When many Americans heard about the opening of the National 9/11 Memorial & Museum, they had two words: Too soon.
But having recently visited the controversial museum, I thought: Not soon enough.
It’s not that I have any desire to rush history or return to those dark days. But spending a few hours reliving countless tales of heroism made me long for who we were following the attacks, when empathy didn’t seem like such a quaint notion and we were all rowing together.
Just descending into the archaeological heart of the World Trade Center site is enough to transport you back to that wrenching September morning: the crushed steel, the mangled firetrucks, an elevator motor and the last column, the final beam to be removed at the end of recovery operations at ground zero.
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I also felt like I had entered a different type of time capsule, one that brought me face to face with a country I scarcely recognize anymore. Who we were then versus now, when we’re so coiled to pick a fight.
Instead of relentless sadness, I found compassion, so palpable in many of the exhibits – and so missing in much of today’s discourse. There’s the story of Gerard Baptiste, FDNY Ladder Company 9, who had recently bought a beat-up motorcycle, which was parked at the firehouse. After his death in the north tower, enthusiasts pitched in and restored the 1979 Honda, calling it a “bike of healing.”
Or the Victims Quilt, a whopping 10-by-60-foot labor of love by 500 citizens nationwide who came together to create something that would provide symbolic comfort to those in mourning.
Most of all, I lingered over the “In Memoriam” exhibition, dedicated to every one of the nearly 3,000 victims of the attacks. As I touched the screen, I touched them. Through their intimate portraits, I met new brides, master gardeners, practical jokers, doting grandparents and long-suffering Mets fans.
In these hushed and solemn halls, all our divisions – along lines of race, religion and class – evaporated. And all of the victims – whether a hedge fund manager or a housekeeper, a Harvard graduate or a high school dropout – got the same type of biography: four or five sentences.
The message was clear: Every life has value.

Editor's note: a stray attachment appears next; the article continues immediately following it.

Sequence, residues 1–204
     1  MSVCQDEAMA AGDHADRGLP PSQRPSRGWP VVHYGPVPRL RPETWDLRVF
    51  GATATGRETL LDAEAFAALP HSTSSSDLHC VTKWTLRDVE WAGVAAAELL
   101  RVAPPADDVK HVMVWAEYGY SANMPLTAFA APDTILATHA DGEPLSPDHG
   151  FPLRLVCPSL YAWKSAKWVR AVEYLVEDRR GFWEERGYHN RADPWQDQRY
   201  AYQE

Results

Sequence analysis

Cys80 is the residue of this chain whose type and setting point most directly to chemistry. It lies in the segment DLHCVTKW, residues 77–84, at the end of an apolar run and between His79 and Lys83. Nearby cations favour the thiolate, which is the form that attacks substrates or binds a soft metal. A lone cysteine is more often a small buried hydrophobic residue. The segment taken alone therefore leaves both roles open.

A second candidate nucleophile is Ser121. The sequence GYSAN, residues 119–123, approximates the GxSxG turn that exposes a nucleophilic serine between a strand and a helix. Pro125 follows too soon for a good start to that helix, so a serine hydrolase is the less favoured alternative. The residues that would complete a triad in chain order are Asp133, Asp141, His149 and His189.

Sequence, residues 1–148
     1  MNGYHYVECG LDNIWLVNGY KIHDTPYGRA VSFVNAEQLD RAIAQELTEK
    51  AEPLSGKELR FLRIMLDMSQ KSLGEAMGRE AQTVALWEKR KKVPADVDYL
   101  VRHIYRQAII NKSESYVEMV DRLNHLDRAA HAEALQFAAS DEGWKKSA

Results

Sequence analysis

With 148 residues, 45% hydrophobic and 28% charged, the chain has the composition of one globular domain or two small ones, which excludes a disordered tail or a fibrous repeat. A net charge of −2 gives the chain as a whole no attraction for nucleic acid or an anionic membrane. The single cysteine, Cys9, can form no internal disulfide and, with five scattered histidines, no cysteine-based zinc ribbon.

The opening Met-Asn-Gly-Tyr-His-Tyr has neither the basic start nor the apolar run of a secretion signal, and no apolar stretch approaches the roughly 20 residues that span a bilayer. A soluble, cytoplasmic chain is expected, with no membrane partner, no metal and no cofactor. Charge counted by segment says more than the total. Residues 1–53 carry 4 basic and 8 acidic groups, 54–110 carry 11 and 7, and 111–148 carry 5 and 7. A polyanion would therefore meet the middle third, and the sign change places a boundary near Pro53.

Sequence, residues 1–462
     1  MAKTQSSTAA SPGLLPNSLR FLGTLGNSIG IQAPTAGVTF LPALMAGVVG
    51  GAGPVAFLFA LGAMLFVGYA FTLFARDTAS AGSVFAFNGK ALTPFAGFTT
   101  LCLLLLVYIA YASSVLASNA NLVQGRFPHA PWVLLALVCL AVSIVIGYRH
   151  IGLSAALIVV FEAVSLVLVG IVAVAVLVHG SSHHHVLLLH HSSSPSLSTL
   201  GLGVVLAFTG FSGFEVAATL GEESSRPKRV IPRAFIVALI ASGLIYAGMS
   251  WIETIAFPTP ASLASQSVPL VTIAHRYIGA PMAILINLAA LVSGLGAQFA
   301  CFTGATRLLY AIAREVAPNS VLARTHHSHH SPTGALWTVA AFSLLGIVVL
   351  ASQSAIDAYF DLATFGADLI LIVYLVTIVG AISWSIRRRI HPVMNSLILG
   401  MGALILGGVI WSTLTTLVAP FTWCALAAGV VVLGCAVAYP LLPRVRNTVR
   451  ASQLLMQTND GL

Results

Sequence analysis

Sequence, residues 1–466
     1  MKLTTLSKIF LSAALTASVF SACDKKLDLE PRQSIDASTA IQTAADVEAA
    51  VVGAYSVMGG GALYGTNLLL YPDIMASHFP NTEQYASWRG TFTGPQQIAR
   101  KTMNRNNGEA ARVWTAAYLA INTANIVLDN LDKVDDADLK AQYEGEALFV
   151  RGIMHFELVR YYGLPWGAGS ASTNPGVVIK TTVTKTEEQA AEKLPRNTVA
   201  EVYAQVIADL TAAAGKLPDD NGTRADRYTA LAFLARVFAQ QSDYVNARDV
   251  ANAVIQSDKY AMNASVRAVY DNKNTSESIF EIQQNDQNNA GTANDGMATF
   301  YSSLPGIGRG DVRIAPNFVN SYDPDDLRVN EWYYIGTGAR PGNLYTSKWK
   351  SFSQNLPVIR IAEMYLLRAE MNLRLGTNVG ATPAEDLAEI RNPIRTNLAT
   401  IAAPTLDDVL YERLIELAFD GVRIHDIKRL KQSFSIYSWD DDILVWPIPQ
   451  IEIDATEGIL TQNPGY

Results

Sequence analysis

During the last 13 years, what happened? Why have we turned so viciously on one another? When did we start showing such disrespect that it became OK for a member of Congress to shout “you lie” at a president? How did compromise become a dirty word, morphing into a sign of spinelessness rather than civility?
This isn’t just about good manners; it’s good for the country. In our current climate, try to imagine achieving some of our finest triumphs – the polio vaccine, the space program, the interstate highway system – without a deluge of boorish behavior.
Yes, I’m painting with a broad brush, of course. Since 2001, we’ve also witnessed countless examples of selfless acts all across the country, from hurricane-ravaged New Orleans to the neighborhood soup kitchen.
But, too often, that humanity feels so fragile. A report released in June by Pew Research’s Center for the People & the Press found that we are more polarized than at any point in the last two decades. We give lip service to “community” but between 25 to 30 percent of the 10,000 adults Pew surveyed find our political opponents so misguided that that they would be “unhappy” if an immediate family member married someone from the other side. Is it any wonder that smart people don’t run for office or that young adults are too cynical to vote?
Certainly, technology has made it easier for us to scrape bottom. Social media are a crowded place these days, requiring combatants to be increasingly outrageous. Anxiety – not answers – gets you trending on Twitter. Think Donald Trump’s view that doctors who help fight Ebola “must suffer the consequences.”
Events of the summer – the minimum wage debate, the immigration crisis and the unrest in Ferguson, Missouri – have exposed a particularly vile side of America.
But one cannot spend any time in that somber place in lower Manhattan without realizing that there is enough hatred of Americans in the world without Americans constantly sniping at each other.
As we go into the midterm elections, let’s use this upcoming anniversary to change the corrosive narrative. What better tribute to the 9/11 victims than tuning out the static, tuning up our national character and carrying ourselves with just a little more dignity.
Bonnie Miller Rubin writes for the Chicago Tribune. Readers may send her email at firstname.lastname@example.org.